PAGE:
As lockdown restrictions begin to ease, people are understandably keen for a gradual return to normal. But while many will be celebrating each stage of the reopening, for others such significant changes will be accompanied by feelings of stress or anxiety.

“I’m still incredibly anxious about catching Covid,” says James Bagshaw, 27, a lecturer who lives in York. “I’m asthmatic and suffer with chronic rhinitis. With lockdown ending I’m anxious that I’ll have to come into contact with people even though I’ll be unvaccinated for a while longer yet.”

For others such as Nikki McCaig, 24, a freelance marketer from Nottingham, the mental strain of lockdown ending is the biggest source of stress. “It’s been such a long time since we’ve all faced ‘normal life’ that I’ve honestly forgotten what it feels like. I’ve felt safe inside my house but the outside world is unfamiliar and frightening. Socially, how do we navigate this? Where’s the mental health support for those of us returning?”

McCaig is not alone in being uncertain about her place in the post-lockdown world. Louisa Barfoot, a new mum, is anxious about whether she’ll be able to maintain a supportive environment for her five-month-old daughter once “normal” life resumes. “We are in such a good routine that I’m reluctant to break it. We’ve been immune from unwanted advice and have been able to be a nice happy family unit and the thought of this changing now is hard to comprehend. Family and friends will want to meet our daughter, but the coordination of this will be hard – will it still be outside? Do we let people hug and kiss our daughter? Will she or us get ill with Covid?”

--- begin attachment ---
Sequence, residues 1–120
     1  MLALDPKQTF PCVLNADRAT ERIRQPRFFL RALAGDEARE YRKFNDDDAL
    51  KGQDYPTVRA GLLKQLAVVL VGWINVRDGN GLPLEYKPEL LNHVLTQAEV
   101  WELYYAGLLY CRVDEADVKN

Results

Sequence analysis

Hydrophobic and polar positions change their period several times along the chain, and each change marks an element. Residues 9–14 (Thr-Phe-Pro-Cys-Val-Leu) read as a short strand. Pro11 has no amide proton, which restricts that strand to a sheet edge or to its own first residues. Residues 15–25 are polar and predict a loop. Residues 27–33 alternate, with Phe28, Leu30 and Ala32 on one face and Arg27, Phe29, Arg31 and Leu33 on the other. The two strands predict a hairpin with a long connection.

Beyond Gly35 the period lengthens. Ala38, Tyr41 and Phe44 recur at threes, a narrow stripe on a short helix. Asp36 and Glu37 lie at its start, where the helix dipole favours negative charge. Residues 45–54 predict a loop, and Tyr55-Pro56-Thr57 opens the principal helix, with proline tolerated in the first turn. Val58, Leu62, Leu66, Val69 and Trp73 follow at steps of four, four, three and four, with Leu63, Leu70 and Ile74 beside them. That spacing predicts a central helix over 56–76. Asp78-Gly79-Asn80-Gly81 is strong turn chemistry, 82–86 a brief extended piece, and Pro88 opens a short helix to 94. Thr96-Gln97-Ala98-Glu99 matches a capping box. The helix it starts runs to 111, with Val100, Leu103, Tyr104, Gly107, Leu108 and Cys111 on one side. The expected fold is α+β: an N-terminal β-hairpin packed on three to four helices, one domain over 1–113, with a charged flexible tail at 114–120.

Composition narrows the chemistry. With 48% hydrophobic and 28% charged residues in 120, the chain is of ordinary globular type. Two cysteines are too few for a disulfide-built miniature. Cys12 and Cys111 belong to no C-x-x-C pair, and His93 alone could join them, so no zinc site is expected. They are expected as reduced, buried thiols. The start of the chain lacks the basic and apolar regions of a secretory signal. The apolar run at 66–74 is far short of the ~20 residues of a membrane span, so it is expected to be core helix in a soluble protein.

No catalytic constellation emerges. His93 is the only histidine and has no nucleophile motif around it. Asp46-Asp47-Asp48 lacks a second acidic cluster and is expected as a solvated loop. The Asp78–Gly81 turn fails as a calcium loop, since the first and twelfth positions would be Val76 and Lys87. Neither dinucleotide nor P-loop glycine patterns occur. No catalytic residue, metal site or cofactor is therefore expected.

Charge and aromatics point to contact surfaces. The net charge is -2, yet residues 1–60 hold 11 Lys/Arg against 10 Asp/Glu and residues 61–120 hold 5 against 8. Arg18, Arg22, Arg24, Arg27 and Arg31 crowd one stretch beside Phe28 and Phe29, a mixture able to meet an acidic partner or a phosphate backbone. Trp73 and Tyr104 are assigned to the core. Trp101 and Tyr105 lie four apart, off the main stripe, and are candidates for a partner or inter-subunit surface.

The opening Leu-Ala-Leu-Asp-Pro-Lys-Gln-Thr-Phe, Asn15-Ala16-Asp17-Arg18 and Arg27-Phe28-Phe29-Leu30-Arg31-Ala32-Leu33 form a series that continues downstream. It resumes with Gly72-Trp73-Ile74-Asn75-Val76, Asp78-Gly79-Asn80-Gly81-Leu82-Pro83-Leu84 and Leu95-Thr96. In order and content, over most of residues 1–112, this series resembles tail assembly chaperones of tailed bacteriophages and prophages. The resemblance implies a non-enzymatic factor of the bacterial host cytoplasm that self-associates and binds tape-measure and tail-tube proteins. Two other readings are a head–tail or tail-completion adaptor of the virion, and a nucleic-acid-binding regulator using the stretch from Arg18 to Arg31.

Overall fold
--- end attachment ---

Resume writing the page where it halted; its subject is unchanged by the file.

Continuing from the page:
Alongside anxieties about returning to the office, or socialising with people one may not have seen for more than a year, the thought of an imminent return to busy streets and train carriages can be overwhelming – particularly for those with a history of mental health issues.

“I’m feeling extremely anxious. I’ve had depression and anxiety for years, including panic disorder, which is triggered by busy places such as public transport, supermarkets and pubs,” says Jess, 30, a civil servant from London. “Before lockdown last March, I was receiving CBT to help me tackle the panic and ‘practise’ going to public places. I was starting to make progress and feel able to do things like go to the pub with friends but lockdown put an end to my ‘practising’.”

Paul Williams, 60, who has suffered from PTSD since 2010, is concerned that the end of the pandemic will mean a return of many of the obligations that aggravated his symptoms. “For people like myself, just going to the dentist or the doctors means a night awake worrying the day before. Going back into the environments that we’ve managed to avoid for the last year is going to be difficult and I’m not sure if I can do it, or if I even want to do it to be honest.”

Indeed, even some people without a history of mental health issues have benefited from the opportunity to slow down and take time for themselves. “It was like the world stopped and everyone was joining me in limbo,” said Angie, 40, an architect from Yorkshire. “For the first time in years, I could give myself permission to do art projects, enjoy each day and just be. Lockdown gave me permission to be still but now that it’s lifting, I’m afraid all the old expectations will return.”

This content first appear on the guardian

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